It stated that the advertising (which included that shown above) must not appear again in its current form. Ionic Balance had provided the ASA with no less than TWENTY EIGHT documents in a failed attempt to substantiate their incredible efficacy claims. They were also told not to refer to medical conditions for which medical supervision should be sought.

  8. Hi, I was about to purchase one of these bracelets from Groupon for £10 but decided to do a little research before and thankfully came across your site. How very pleased I am that I did.
    Your research has not only saved me £10 but also given me an insight into how easy it is to be ‘conned’.

  9. Gilly – thanks for your comment. I’m glad to have saved someone some money!

  10. cant deny they look cool mate. £10 what a steal….

  11. Call me a cynic, but surely, if they worked, they would be flying off the shelves (literally), and they wouldn’t have to discount them.

  12. Ionic Balance have now been added to the ASA’s list of Misleading Online Advertisers:

  13. Pingback: The Advertising Standards Authority and me | Josephine Jones

  14. Pingback: British Airways put snakes on a plane! | Josephine Jones

  15. Ionic Balance are still on the list – which is has been renamed as ‘non-compliant’ online advertisers:

  16. The IonPulse bracelet is currently being promoted by kgb deals. The product itself and the advertising look remarkably similar to the NPB Ionbalance bracelet:—ionpulse—national

  17. An ionic watch similar to the bracelets described above is mocked and described as a ‘scam’ on Shark Tank (the US version of Dragons’ Den):

  18. Dont you think your all just taking this a little too seriously. I dont have any affiliation to these bracelet companies but do understand how difficult and costly it is to get proper clinical trials conducted. If people buy them and claim to feel relief in some area then I would say that it is £10 well spent even if it is just a placebo effect! You seem to be on a crusade if you ask me and by claiming that they DONT work doesnt this make you as bad as the companies claiming they DO!!!

    • I’m not claiming they don’t work (though as I said in a comment above, my suspicion is that they work as a placebo). The companies mentioned are making some pretty bold health claims which aren’t supported by evidence. I’m not suggesting they should conduct clinical trials but merely refrain from making unsubstantiated claims.

  19. I have got one of these bracelets and had to take it off as i felt after extremely tired after 2 days, is it normal?

    • I am very doubtful indeed that the tiredness is related in any way to the bracelet. I wouldn’t expect the bracelets to have any effect, really. I hope you’re soon feeling better and if in any doubt I suggest you consult your doctor.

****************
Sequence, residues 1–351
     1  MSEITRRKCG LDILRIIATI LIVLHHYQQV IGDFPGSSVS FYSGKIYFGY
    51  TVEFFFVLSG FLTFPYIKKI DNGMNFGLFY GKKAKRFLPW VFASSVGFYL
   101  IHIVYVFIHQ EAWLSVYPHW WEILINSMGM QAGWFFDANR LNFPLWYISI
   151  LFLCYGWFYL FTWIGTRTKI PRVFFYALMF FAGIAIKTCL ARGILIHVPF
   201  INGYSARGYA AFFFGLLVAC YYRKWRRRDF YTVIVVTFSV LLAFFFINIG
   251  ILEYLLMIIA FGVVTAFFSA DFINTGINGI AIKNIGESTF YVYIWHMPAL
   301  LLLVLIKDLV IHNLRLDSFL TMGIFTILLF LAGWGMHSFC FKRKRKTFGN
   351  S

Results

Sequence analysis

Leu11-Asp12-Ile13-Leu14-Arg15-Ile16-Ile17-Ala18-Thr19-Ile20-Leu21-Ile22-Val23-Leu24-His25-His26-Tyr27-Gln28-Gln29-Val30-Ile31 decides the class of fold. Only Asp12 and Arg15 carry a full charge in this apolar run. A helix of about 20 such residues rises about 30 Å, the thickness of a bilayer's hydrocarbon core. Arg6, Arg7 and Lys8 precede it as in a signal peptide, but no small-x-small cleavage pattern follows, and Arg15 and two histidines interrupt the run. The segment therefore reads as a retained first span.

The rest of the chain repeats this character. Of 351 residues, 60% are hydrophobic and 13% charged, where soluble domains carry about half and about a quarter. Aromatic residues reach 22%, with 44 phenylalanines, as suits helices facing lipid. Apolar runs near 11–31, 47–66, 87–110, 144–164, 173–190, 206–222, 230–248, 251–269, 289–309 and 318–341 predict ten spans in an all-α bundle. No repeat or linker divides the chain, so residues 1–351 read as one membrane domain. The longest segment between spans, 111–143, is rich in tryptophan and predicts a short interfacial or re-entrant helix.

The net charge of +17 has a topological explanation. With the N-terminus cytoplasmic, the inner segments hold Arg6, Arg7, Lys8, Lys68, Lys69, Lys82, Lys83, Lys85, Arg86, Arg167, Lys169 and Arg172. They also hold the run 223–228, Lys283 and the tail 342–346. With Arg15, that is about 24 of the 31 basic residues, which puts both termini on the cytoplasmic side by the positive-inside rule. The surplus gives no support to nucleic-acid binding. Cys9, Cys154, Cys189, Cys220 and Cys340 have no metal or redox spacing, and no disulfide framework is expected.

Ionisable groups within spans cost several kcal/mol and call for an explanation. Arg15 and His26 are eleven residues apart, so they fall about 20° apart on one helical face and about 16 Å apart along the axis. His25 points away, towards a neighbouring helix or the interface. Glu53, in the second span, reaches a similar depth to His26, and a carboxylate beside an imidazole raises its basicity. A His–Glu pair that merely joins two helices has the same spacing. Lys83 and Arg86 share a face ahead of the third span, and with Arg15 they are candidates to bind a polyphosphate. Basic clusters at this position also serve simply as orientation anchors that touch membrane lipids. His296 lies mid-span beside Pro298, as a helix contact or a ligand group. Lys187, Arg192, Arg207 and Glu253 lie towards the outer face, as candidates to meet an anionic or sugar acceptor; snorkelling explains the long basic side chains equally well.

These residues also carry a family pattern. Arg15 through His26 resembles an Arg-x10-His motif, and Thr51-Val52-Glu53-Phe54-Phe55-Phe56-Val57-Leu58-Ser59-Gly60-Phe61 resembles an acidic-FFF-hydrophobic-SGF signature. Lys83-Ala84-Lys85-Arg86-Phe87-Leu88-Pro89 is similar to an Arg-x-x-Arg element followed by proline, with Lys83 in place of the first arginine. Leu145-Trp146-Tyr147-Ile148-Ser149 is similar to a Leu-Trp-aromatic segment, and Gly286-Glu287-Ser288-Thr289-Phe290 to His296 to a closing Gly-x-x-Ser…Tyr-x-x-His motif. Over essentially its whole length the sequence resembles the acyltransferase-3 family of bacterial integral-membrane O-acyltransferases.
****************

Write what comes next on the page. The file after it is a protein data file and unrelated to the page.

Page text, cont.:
20. Infinity Pro UK is another silicone/tourmaline band which apparently releases negative ions, which are supposed to have a wide range of health benefits. I don’t believe there is any reliable evidence to back up the following claims:

    ” Our Infinity Pro Power Bands release Negative Ions, Far Infrared Rays and Alpha Waves which can give all number of health benefits to the wearer:




  21. oh my god it just 10 pounds might as well buy it and if nothing happens throw it in the bin. Lifes simple.

  22. curiosity kill and lesson learn if they don’t work. If the do …. its good for health.

  23. Hi,
    I just got referred here after contacting Sense about Science about Infinity Pro UK. There was an offer for them in a mainstream Fitness magazine I bought yesterday. After going on the website yesterday they no longer that the bracelet is beneficial in any way, they just claim that the Tourmaline crystal produces negative ions (and far infra-red and alpha waves) and note on a separate page that negative ions can counteract positive ions and free radicals. The inference was that the bracelets counteract the effects of pollution, toxins in processed food and smoking: that’s quite dangerous, since someone might buy a bracelet instead of making sensible lifestyle changes. So I guess they’ve toned down their claims, but they’re still active and still inferring that these bracelets are beneficial.

    Excellent blog – keep up the good work! What shall we do now if they’re not actually making claims that can be disproved?

    • It may still be worth submitting a complaint to the ASA. The onus is on the advertiser to substantiate claims, not on the complainant/ASA to disprove them. They may also rule an ad is misleading even if it doesn’t make outright claims, but merely implies something which can’t be substantiated.

      Here’s how you complain:

      I think it’s also worth blogging about such products because people often Google the product name looking for reviews and may then find the blog and think more carefully before investing.

  24. Utter drivel extracting cash from the gullible. May you rot in whatever hell you believe in.